Cincinnatus is in fact in every culture's story and in each of us. But we have long forgotten them because the competition is fierce and wars made no sense. Selflessness is weakness that others can exploit. Our government does it, businesses do it, we do it to each other. It's illogical to be selfless, but that conclusion hinges on an illusion of the need for competition. What are we competing for, for competition's sake? If so, how do we keep it from being out of control?   

Our society is not build upon populations of perfect individuals. No such thing. Individuals are going to differ and argue because of our own faults. But it is nice to know that we can chose to serve despite such imperfections and aspire to be something better amongst others for a common good. In the end, walking away from power is perhaps the easiest thing to do for Cincinnatus. But choosing to act in the first place and seeing through the work never finished, is perhaps the hardest thing.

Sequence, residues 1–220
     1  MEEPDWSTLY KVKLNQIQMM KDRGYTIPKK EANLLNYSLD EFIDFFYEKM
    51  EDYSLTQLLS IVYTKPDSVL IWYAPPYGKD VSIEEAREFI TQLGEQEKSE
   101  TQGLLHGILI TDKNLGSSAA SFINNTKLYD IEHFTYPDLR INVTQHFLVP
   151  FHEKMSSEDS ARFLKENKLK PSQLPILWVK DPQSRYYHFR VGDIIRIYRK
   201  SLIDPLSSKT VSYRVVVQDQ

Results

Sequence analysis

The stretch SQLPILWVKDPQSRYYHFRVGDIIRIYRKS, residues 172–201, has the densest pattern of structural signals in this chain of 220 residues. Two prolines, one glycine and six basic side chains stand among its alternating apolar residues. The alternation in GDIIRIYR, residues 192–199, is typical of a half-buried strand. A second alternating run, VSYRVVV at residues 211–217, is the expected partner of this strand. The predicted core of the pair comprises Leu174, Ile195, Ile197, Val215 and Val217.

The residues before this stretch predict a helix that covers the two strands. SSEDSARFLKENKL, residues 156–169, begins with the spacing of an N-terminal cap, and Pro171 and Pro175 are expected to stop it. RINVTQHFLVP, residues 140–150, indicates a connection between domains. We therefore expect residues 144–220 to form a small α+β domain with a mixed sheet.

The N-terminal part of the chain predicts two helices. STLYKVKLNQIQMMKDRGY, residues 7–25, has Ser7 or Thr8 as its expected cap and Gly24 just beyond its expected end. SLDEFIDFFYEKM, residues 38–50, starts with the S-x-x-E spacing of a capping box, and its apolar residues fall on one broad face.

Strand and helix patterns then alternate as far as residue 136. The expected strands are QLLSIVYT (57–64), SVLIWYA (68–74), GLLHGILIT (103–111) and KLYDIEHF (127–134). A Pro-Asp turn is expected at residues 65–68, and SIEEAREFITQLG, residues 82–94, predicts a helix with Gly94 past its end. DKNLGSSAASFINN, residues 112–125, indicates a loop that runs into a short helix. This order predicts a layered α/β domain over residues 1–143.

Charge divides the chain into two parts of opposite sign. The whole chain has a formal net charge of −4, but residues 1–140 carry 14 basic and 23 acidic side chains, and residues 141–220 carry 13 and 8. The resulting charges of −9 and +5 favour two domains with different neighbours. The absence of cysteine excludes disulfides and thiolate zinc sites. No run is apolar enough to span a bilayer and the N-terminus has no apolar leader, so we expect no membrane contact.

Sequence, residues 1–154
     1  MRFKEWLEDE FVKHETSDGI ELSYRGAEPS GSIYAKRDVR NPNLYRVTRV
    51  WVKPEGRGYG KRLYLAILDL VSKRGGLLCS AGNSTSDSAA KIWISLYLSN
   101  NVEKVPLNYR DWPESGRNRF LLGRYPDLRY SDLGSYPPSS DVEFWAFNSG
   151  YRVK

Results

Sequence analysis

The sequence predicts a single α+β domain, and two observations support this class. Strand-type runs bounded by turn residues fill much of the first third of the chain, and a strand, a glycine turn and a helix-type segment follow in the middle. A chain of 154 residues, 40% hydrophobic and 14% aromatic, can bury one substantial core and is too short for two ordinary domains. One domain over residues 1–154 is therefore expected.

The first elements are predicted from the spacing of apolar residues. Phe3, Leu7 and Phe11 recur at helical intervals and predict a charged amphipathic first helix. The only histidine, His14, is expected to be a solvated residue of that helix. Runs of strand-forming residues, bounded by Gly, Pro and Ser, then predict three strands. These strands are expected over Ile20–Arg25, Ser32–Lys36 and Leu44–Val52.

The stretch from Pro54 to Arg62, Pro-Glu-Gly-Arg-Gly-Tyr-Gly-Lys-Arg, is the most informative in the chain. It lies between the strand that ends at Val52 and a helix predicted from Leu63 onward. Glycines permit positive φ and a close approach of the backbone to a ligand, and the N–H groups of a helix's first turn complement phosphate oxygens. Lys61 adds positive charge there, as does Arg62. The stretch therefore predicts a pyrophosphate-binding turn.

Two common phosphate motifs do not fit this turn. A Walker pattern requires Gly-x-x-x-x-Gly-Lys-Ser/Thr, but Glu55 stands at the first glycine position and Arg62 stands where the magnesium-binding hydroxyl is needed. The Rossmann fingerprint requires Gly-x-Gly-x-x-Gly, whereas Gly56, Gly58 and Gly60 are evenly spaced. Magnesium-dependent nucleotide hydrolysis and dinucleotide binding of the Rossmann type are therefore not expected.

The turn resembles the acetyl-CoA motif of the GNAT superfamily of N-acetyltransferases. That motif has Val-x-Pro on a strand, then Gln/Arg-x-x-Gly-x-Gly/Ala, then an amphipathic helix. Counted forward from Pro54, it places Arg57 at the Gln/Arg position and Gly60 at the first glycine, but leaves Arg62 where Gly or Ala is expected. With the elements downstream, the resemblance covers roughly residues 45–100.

Like I said, the irony of it.

Wednesday, January 20, 2016

Reclaim Philosophy.

Philosophy is not a bad thing. It takes on a bad rap. It is not taught in schools any more, so I guess it's just more often misunderstood. As I come to see, it may be one of the reasons why we are faced with a global sustainability crisis. Because we just don't take the time to think anymore. Not that we lack the kind of instructional-thinking, they are common in establishments. But we lack the kind of unhinged and mindful thinking. The kind that poets drink and painters take intravenously. The kind that is looked down upon because it's “too philosophical” but would elevate the pursuit somehow and therefore threatening.